You’ve just proven you don’t know this terrain and are repeating PR. The least important component is raw processing speed. Making Shit Up is against our site Policies. If you go on in a similar vein I will ban you. I don’t have any tolerance for agnotology.

              No one has any idea why people vote the way they do. Period. There’s no way to model or test for that. Tons of people make up their mind whether even to go to the polls that very day based on Shit Happened Or Not. Tell me how you model for that? You can’t. Many people make up their minds in the last few days and some do right in the polling booth.

              There aren’t even decent models for why people buy the way they buy, and there is vastly more relevant data on that.

              Reply
              1. Marina Bart

                I’m going to defend Jason here a bit, in part because he’s been complimentary and supportive of the piece in several comments, and I found this reply useful.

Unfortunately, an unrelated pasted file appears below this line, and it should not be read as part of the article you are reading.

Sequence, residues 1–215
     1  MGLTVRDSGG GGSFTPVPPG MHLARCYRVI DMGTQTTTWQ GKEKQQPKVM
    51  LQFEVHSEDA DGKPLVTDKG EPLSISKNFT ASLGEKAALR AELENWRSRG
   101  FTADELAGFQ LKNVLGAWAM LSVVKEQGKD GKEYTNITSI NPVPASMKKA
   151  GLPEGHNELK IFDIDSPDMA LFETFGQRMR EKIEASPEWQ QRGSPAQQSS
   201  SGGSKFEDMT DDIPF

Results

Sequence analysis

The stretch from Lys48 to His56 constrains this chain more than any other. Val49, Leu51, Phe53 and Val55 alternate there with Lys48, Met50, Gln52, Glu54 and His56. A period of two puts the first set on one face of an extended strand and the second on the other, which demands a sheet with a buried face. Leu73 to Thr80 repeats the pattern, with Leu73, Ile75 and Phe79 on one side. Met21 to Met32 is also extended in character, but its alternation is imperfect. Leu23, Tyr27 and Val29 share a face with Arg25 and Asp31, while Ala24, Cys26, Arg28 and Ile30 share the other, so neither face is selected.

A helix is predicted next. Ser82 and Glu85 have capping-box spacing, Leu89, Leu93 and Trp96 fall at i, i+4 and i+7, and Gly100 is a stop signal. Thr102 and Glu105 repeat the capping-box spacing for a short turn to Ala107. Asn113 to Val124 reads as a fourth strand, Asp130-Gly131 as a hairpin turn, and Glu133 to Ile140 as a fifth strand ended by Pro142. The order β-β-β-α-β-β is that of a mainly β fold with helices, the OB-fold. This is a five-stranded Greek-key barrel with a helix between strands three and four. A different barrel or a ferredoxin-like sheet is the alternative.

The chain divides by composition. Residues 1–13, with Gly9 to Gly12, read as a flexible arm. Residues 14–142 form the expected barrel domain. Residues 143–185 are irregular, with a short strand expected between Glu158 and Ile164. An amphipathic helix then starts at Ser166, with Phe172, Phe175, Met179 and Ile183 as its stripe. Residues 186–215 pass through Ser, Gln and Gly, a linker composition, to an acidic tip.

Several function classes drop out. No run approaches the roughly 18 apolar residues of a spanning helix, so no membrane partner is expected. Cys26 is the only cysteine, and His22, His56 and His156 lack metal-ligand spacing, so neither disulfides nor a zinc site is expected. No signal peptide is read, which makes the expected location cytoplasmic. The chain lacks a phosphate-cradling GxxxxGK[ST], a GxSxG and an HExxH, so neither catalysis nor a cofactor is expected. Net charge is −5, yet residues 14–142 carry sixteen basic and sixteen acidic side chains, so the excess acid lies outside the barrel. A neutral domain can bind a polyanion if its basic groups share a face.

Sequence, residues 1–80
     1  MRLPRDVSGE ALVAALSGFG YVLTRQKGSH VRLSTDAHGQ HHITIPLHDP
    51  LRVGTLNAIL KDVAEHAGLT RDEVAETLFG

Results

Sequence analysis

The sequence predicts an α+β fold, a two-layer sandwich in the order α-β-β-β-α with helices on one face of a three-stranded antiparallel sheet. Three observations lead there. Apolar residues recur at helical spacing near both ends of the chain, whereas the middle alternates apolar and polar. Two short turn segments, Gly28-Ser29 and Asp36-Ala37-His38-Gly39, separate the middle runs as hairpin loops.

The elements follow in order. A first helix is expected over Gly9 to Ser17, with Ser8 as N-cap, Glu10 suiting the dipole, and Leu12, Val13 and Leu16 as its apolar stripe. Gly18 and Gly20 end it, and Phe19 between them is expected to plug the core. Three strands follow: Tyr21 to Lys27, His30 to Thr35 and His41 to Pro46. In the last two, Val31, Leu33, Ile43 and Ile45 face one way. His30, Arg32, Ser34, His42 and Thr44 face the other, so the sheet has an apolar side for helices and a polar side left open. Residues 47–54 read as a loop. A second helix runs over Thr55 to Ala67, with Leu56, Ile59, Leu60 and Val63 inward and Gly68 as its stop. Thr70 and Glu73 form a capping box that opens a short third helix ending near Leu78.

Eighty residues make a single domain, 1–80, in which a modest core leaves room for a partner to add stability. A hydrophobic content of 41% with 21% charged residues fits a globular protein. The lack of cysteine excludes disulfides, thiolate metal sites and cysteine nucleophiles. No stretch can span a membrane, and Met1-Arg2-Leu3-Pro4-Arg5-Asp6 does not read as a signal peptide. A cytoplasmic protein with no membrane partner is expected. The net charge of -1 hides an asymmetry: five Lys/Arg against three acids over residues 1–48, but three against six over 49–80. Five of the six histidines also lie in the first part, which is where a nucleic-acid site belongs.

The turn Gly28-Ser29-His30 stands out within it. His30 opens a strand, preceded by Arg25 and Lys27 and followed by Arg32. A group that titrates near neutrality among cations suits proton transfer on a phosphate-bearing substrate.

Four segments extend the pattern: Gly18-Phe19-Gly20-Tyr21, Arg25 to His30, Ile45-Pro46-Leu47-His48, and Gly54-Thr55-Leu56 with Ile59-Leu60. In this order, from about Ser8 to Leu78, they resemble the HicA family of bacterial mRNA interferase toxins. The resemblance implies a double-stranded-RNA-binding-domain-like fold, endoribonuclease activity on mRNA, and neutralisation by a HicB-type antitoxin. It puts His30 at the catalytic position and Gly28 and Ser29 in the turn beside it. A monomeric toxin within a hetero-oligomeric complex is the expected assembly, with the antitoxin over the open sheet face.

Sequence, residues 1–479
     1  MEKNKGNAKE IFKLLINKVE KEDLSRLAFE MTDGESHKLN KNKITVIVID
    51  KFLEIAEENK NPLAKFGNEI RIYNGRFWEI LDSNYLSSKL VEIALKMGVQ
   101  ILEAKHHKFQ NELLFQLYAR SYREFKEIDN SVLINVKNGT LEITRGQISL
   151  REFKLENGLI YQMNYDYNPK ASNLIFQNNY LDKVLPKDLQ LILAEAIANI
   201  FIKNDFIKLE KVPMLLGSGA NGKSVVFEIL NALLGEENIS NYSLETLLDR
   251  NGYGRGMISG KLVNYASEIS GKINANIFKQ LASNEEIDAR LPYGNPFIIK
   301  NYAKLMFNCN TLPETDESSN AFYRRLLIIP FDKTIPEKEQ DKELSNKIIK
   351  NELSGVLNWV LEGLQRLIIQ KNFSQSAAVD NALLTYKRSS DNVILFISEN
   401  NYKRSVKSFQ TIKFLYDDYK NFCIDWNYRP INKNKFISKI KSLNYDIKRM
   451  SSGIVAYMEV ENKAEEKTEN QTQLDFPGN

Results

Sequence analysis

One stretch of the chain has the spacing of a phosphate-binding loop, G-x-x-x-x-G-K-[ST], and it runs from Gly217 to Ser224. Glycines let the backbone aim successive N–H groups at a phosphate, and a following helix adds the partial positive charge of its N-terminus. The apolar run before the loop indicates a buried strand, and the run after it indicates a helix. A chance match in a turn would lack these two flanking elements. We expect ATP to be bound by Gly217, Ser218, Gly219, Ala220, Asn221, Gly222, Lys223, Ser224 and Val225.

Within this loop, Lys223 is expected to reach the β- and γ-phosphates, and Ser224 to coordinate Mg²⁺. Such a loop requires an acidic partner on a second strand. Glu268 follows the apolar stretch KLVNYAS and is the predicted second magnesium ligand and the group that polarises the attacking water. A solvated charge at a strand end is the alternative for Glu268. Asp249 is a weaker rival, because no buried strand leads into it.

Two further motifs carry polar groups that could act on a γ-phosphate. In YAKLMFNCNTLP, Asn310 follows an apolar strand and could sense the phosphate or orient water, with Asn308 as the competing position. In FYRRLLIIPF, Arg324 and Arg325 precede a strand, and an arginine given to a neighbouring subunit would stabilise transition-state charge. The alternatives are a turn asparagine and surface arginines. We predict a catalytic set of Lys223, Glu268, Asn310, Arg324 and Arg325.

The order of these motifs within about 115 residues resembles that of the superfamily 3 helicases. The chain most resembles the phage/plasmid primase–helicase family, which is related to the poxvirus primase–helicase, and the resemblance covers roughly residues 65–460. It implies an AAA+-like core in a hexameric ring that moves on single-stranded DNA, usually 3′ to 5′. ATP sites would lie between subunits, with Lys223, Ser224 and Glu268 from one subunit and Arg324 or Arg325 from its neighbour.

The person who dropped the “you’re wrong because neural networking” reply never answered me. Jason was trying to supply an answer. I suspect he is correct that “justanotherprogressive” WAS referring to processes like what are used with AlphaGo. This gives me a better understanding of what to address, rather than punching air.

                It’s a mistake to think that game theory derived decision processes like Monte Carlo tree search will deliver radical improvements in Big Data driven attempts at psychological manipulation. (See also the Guardian piece in today’s Links for how the current hype is based on nothing real.)

                If anyone has evidence of “neural networking” breakthroughs that are NOT game theory-related, please let me know. That would be relevant.

                Reply
                1. Jason